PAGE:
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Do you need care? Why should your health insurer decide

Written by Diane Archer

In a Washington Post op-ed, William E. Bennett Jr., a gastroenterologist and associate professor of pediatrics at the Indiana University School of Medicine, makes the case that health insurers should not be allowed to practice medicine. They too often deny medically necessary care unless and until your doctor is willing to go through hoops with their medical staff. But, medical staff who work for health insurers have no clue whether you need care.

Bennett appreciates our need for health insurance. He also recognizes that having health insurance is necessary but not sufficient for our well-being. To get his patients needed medicines and tests, he must request prior authorization from his patients’ insurers, which can needlessly delay their access to care for weeks. And, still, the insurers may deny needed care.

Only if Bennett appeals to a doctor who works for the insurer and says the right key phrases, will the insurer reverse its denial. Most of the time, the doctor in the employ of the health insurer has little accurate information about the patient; the doctor has never had any contact with the patient. Bennet explains that the insurer’s doctor is unqualified to know whether the treatment or medicine is needed.

There is nothing beneficial about this process for the doctor or the patient. It does not assure the patient gets the proper treatment. In fact, it keeps many patients from getting needed care. And, it burdens the doctor excessively and unreasonably.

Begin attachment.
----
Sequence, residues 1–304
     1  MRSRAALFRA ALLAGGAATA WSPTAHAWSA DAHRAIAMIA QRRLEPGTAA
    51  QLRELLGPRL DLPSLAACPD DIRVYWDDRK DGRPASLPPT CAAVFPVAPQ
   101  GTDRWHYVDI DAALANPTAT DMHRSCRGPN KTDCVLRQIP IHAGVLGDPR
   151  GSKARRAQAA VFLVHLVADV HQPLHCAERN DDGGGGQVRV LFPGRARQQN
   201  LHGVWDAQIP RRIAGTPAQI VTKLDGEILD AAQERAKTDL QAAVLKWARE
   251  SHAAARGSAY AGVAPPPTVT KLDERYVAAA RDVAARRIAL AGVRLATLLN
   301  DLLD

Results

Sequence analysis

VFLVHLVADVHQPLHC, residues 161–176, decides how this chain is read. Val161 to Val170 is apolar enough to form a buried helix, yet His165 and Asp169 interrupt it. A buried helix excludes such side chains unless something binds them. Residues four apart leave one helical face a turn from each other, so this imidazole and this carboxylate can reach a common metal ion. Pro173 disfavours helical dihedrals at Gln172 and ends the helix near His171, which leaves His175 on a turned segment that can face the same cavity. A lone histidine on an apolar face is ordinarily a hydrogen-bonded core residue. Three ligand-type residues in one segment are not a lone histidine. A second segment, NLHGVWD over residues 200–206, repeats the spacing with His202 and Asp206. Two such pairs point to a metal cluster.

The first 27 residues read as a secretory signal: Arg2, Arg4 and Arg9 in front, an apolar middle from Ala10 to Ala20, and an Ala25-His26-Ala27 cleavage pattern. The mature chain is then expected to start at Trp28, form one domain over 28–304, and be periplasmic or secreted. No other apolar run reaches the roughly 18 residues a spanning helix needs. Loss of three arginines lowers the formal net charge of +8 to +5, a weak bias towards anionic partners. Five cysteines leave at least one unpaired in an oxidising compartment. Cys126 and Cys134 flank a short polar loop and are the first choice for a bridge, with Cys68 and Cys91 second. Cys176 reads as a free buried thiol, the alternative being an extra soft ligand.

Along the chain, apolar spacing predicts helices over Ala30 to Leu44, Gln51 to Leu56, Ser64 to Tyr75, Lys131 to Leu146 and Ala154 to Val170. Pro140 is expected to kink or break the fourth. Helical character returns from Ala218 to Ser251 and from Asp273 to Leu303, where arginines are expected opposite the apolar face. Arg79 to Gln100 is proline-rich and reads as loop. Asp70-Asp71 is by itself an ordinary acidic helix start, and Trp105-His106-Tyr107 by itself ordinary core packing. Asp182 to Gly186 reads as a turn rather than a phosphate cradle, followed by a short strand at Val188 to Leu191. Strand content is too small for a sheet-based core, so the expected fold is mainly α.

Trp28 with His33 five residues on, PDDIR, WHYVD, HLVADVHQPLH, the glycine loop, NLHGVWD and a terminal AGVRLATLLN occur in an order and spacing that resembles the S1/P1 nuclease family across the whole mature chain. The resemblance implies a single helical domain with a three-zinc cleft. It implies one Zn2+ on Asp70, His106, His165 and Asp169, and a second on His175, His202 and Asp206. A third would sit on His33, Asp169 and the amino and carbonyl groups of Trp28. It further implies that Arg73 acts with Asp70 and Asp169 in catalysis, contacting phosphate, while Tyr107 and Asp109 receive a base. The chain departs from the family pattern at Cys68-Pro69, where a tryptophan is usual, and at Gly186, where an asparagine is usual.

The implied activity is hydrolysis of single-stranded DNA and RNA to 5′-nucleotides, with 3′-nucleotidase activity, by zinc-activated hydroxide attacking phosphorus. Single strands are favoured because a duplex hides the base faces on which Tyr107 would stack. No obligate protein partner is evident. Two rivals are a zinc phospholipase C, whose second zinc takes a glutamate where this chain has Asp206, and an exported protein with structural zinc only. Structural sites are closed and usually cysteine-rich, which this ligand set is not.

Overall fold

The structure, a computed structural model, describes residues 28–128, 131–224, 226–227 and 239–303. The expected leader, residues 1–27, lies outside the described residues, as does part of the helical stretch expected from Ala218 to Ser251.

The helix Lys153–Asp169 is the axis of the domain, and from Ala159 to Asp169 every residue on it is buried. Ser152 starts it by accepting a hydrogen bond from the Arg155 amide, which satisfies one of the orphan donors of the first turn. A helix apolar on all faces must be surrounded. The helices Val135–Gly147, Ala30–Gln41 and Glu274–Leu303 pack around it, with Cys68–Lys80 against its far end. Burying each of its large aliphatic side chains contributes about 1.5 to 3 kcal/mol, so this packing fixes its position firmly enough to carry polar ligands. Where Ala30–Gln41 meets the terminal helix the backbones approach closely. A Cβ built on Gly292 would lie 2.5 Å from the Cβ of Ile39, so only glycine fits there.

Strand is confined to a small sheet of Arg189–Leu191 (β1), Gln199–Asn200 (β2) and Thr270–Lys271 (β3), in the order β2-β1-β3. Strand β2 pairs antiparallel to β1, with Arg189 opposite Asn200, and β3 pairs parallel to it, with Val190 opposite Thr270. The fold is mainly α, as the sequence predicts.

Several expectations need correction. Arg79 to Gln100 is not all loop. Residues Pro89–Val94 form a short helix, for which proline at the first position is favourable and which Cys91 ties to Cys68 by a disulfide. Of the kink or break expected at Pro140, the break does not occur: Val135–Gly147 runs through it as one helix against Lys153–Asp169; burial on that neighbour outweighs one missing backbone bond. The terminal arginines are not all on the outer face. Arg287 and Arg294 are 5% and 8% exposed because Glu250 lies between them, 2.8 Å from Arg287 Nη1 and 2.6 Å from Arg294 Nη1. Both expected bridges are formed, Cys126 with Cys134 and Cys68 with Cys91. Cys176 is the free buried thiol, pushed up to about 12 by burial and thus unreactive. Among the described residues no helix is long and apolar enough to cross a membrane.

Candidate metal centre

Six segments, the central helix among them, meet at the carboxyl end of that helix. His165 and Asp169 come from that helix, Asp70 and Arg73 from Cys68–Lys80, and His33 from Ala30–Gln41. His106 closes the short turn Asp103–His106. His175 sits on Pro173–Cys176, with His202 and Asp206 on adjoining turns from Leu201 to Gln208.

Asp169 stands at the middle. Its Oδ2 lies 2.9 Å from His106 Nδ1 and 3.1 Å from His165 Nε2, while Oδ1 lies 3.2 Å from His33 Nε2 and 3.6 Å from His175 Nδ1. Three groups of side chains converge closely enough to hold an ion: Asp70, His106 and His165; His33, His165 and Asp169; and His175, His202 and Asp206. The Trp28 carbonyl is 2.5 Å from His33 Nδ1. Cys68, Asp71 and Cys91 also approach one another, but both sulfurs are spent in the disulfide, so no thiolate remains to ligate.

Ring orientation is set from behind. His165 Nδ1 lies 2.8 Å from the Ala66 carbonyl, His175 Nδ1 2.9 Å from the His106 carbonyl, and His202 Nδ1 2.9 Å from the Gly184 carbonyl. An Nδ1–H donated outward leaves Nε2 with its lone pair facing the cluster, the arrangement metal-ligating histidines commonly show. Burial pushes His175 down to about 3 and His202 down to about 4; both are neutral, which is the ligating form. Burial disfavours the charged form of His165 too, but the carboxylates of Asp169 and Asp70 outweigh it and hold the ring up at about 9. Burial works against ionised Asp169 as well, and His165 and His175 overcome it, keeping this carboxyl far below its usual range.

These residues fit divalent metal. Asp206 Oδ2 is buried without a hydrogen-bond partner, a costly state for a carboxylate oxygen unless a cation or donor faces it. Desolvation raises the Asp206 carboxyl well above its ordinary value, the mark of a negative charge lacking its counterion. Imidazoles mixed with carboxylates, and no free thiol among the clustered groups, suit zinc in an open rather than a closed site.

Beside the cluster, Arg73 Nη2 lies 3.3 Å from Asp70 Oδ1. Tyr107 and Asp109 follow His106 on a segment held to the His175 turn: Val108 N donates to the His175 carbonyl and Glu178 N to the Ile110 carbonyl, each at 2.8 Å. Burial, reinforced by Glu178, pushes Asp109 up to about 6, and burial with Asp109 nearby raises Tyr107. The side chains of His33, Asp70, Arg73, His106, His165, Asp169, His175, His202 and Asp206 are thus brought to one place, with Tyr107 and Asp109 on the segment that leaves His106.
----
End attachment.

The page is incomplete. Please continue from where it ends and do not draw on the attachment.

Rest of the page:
Bennett experiences the system from the patient’s side as well because his daughter has a serious health condition, and he has had to deal with an insurer that has limited her access to needed treatment. Appealing is a challenging process that requires Bennett to rely on the advocacy of his daughter’s doctors. It takes time and does not always work. In the meantime, his daughter suffers, even though his daughter’s treating physicians all know she would benefit from the treatment.

In short, when health insurer denials are based on the insurer’s claim of lack of medical necessity, the system breaks down, and the most vulnerable patients are harmed. One study revealed that one health insurer denied claims for emergency visits that met a “prudent layperson” emergency coverage standard in more than 85 percent of cases. Patients can appeal the denials with a high likelihood of success on appeal. But, only a tiny number know they can appeal and have the wherewithal to do so.

Bennet concludes that health insurers should not be able to decide the care people need: “When an insurance company reflexively denies care and then makes it difficult to appeal that denial, it is making health-care decisions for patients. In other words, insurance officials are practicing medicine without accepting the professional, personal or legal liability that comes with the territory.”

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